9. Review Of Planet Barbecue Spice Pastes Rubs

    By Chef Peter Martin

    As a young chef, I read countless cookbooks to expand my knowledge and help me develop my own style of cooking.  While I have many favorites there are probably only a few that really helped to truly define me as a chef.  One of those books was Steven Raichlen’s “The Barbecue! Bible.”  I had been dabbling in barbecuing and smoking foods for a number of years by then, but it was while reading that book that I became inspired to really delve into the world of barbecue and...
  10. Interview With Chef Chris Cosentino

    Chris took a break out of his busy schedule to tell Jeremy Emmerson, what we can expect to see!
    J.E - Tell us about your new show (what's it about).
    C.C - Chefs vs. City is a combination of amazing race meets your stomach, five challenges per city, complete the challenges first, and finish the race.
    J.E - How many cities did you tape in?
    C.C - Seven cities Boston, Los Angeles, Las Vegas, San Francisco, New York, New Orleans, Chicago,  
    J.E - What will viewers learn?
    C.C - Viewers will see...
  11. A Rich Soybean History

    Soybeans are one of the world's most important crops. Soy, like wheat and corn, plays a substantial role in feeding large numbers of people throughout the world.
    Soybeans have been part of the Chinese diet for at least 5,000 years. Indeed, many Asian countries have been consuming a wide range of soy products for centuries, and it is often to the soy-rich diets of these cultures that scientists now attribute their populations' heart health and longevity. Because many soy products originated...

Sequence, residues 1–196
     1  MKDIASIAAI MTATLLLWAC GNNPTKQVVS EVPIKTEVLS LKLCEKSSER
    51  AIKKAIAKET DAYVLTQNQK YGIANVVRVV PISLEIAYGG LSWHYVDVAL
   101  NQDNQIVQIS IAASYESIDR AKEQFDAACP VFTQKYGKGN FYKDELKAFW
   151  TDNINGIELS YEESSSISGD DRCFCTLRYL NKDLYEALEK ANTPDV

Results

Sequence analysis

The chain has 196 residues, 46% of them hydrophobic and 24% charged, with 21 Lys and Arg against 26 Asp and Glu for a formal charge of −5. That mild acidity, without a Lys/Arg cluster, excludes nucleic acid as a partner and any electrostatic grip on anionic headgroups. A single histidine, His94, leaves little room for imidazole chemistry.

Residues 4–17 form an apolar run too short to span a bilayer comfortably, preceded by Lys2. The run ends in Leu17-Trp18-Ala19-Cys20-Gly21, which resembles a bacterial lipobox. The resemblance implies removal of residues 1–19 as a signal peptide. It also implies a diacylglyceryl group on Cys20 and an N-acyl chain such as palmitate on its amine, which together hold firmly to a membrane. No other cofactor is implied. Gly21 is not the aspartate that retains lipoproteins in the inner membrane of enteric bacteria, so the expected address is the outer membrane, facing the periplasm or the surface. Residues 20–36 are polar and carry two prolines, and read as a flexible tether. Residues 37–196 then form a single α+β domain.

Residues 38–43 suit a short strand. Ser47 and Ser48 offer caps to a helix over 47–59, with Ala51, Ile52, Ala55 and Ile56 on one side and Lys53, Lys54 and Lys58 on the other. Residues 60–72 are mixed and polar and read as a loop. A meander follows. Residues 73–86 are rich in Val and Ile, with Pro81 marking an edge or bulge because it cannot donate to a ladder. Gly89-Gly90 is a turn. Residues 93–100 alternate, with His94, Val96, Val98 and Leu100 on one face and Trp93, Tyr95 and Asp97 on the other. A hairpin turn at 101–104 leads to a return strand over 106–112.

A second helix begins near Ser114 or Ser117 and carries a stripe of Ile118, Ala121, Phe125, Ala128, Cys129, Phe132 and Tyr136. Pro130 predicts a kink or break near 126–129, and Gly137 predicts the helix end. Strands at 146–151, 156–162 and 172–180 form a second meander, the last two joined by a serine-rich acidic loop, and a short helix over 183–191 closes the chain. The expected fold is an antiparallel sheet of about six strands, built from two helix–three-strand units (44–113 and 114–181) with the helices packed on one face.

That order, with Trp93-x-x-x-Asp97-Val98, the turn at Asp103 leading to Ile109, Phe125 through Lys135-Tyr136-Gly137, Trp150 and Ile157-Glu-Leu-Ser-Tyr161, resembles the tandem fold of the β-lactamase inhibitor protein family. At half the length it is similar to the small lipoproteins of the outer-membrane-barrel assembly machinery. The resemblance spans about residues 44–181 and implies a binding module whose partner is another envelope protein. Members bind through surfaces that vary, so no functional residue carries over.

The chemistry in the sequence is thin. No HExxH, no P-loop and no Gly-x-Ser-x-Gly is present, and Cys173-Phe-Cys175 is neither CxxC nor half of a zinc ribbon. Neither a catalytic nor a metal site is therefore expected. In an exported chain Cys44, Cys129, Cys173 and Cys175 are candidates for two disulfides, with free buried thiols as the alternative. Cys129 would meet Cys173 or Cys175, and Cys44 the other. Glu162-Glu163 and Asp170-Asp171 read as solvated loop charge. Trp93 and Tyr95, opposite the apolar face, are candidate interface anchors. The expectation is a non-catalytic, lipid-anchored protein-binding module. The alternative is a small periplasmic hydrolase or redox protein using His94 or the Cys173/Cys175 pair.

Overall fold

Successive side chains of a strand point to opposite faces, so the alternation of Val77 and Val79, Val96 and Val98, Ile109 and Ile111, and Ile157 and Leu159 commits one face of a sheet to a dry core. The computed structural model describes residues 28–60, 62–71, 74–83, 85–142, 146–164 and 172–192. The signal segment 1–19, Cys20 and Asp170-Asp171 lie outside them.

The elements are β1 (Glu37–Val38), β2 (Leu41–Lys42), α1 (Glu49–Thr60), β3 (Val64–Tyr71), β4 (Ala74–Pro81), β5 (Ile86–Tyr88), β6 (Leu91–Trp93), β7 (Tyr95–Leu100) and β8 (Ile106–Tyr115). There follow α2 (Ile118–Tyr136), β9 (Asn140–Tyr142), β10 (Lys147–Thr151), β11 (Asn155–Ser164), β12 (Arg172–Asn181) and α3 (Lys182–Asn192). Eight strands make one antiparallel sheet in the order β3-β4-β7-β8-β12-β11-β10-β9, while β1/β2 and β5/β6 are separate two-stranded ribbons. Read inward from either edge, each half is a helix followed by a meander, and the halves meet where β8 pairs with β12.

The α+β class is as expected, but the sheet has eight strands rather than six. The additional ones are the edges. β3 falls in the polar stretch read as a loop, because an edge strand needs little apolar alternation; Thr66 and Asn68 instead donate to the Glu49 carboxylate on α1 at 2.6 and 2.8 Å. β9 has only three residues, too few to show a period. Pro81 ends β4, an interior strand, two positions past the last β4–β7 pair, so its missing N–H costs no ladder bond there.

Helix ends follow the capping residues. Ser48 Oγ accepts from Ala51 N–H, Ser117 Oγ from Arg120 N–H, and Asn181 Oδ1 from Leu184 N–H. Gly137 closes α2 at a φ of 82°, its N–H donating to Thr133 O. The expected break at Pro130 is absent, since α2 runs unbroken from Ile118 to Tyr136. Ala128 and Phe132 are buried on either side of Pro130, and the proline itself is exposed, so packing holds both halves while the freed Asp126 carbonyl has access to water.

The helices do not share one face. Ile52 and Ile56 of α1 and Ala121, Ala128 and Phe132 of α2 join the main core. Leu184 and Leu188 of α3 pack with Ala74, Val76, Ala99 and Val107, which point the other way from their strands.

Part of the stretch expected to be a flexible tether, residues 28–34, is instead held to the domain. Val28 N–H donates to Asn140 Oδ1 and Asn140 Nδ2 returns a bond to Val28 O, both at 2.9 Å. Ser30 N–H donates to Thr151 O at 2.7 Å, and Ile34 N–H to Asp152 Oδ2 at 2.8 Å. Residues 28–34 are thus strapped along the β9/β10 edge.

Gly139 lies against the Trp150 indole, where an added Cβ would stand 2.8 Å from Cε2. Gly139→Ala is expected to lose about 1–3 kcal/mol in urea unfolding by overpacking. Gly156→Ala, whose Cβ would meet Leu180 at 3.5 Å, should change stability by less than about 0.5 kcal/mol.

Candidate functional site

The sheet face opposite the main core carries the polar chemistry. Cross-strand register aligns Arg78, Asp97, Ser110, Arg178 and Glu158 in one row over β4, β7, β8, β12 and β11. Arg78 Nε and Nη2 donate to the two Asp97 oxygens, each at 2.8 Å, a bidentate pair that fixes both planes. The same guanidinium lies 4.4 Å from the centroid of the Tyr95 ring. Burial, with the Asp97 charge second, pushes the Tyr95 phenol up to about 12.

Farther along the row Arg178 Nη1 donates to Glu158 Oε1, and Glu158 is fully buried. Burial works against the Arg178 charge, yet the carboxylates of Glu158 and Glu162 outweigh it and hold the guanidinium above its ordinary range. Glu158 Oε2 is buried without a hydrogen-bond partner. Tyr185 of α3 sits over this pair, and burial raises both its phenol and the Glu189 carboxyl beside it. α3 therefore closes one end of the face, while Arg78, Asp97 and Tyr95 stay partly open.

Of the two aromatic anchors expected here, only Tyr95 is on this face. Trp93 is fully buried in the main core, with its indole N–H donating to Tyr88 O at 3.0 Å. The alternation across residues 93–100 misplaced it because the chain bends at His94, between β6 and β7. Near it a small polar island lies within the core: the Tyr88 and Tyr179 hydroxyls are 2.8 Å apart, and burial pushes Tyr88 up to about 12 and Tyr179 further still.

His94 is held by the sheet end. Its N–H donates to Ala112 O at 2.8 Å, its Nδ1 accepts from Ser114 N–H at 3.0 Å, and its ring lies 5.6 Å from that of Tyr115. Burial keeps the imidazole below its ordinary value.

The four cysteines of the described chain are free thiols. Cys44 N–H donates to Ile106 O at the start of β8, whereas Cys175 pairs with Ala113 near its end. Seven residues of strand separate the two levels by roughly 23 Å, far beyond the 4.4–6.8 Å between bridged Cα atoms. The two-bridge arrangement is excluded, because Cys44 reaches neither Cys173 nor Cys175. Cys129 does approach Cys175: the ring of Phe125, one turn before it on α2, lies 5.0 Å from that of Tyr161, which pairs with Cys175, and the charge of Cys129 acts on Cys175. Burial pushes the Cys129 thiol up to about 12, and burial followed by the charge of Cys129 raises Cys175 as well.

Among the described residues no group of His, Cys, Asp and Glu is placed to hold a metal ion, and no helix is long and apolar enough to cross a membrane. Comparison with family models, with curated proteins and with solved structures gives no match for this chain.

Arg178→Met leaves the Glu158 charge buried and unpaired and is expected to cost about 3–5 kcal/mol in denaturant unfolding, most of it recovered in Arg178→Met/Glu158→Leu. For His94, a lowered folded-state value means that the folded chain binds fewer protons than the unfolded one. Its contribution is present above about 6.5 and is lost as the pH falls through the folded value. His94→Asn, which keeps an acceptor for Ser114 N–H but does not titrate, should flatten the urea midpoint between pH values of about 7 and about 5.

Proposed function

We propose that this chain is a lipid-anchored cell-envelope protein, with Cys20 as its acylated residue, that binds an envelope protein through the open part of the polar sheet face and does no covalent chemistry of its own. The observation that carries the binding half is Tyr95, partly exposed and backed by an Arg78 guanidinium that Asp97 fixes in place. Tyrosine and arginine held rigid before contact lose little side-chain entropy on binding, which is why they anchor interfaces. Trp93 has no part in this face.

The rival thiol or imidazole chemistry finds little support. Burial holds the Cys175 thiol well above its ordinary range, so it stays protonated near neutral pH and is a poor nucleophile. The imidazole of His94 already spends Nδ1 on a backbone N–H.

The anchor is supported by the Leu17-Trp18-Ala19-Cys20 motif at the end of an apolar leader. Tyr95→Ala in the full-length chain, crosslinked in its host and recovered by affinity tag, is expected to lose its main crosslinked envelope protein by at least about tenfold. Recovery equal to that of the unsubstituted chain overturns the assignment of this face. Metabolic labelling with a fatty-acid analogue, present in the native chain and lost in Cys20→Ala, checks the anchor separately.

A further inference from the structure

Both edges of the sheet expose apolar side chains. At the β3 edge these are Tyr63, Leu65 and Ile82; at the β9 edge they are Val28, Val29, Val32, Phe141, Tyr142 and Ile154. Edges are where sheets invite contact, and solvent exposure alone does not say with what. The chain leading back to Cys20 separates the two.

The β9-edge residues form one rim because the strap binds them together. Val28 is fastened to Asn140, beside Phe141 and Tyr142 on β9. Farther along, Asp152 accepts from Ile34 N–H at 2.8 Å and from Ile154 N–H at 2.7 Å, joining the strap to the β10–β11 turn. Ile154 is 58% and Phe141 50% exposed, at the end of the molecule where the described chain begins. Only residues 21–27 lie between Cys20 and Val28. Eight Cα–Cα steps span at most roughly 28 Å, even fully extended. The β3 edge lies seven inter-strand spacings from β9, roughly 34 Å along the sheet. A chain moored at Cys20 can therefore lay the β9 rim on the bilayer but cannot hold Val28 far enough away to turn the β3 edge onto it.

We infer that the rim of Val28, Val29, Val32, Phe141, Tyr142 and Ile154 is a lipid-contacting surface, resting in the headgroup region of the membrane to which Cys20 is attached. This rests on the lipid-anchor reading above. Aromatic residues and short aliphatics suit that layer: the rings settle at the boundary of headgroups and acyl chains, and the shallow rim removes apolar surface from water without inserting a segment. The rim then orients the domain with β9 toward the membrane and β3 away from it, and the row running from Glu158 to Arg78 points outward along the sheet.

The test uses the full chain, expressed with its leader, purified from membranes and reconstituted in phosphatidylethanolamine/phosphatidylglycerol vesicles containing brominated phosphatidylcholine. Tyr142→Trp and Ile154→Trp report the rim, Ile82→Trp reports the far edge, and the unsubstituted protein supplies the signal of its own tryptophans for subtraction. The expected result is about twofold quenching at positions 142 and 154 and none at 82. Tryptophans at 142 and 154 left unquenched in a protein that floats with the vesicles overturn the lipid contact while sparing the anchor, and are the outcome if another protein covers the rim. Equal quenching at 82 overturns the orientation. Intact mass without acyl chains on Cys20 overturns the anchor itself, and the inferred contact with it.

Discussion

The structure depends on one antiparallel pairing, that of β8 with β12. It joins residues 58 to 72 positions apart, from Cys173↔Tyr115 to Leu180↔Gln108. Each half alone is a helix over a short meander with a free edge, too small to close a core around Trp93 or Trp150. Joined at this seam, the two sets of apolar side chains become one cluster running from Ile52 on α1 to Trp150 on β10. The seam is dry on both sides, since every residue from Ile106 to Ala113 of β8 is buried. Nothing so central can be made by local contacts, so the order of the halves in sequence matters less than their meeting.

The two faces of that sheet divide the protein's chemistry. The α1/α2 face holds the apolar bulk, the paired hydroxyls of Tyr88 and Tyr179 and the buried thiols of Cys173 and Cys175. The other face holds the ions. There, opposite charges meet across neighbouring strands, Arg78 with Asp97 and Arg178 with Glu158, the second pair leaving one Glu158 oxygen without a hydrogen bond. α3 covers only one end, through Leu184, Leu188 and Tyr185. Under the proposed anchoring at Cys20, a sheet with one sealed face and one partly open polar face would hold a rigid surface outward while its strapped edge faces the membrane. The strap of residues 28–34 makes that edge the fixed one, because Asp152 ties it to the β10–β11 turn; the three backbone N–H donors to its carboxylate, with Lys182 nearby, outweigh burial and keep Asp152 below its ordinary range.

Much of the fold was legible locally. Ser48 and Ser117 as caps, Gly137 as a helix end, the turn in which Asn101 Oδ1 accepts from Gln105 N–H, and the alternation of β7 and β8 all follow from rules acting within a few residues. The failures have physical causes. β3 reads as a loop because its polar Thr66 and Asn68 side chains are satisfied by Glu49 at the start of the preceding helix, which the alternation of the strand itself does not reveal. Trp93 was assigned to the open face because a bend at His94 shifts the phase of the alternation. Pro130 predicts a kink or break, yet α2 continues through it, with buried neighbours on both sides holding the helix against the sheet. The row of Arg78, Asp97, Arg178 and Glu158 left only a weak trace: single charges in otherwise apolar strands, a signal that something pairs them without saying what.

12. Q And A Forum With Sara Moulton

    Click here to go to the Q&A forum with Sara Moulton
    Sara Moulton
    Chef, Cookbook Author, Television Personality

    One of the hardest-working women in the food biz, Sara Moulton has been juggling multiple jobs for years.  Admired by millions as the host of "Cooking Live,"  "Cooking Live Primetime," and "Sara's Secrets," Moulton was one of the Food Network's defining personalities during the outlet's first decade.  In addition to her work on the Food Network, the energetic Moulton has been the...
  13. Q And A Forum With Gale Gand

    Gale Gand is the executive pastry chef and partner of  the renowned four-star Mobil, five-diamond AAA, Relais & Chateaux Relais-Gourmand restaurant Tru with culinary partner Rick Tramonto. She was recognized in 2001 as Outstanding Pastry Chef of the Year by The James Beard Foundation and Bon Appetite magazine and in 1994 as one of Food & Wine's Top Ten Best New Chefs. Gand has a BFA from RIT and attended culinary school at La Varenne in Paris before opening Trio, Brasserie T and later Tru,...
  14. Q And A Forum With Quot Top Chef Quot Carla Hall

    Carla Hall, chef and owner of Alchemy Caterers here in the Washington, D.C. area, was a finalist on the  Bravo’s, “Top Chef: New York.” Hall is a graduate of Howard University's Business School with a degree in Accounting.  From 1989 until 1991, Hall lived in Paris, Milan and London and strutted down the runway as she searched for her passion.  Upon returning from Europe, Hall attended and graduated from L'Academie de Cuisine in Gaithersburg, MD.  Hall explains that her success in the “Top...
  15. Flavorful Fall Harvest

    The meaning of life is a rutabaga.            --Garrison Keillor  
    By: Chef Joe George

    This dog days of summer are a memory. It’s time to batten down the hatches for the cold months. And if you’re a person who likes to cook and eat by the seasons using local ingredients, this may mean getting creative in order to keep meals interesting. The summer months are easier, I think: vegetables seem to have more flavor when the sun is shining (maybe it’s my imagination), and herbs that are almost...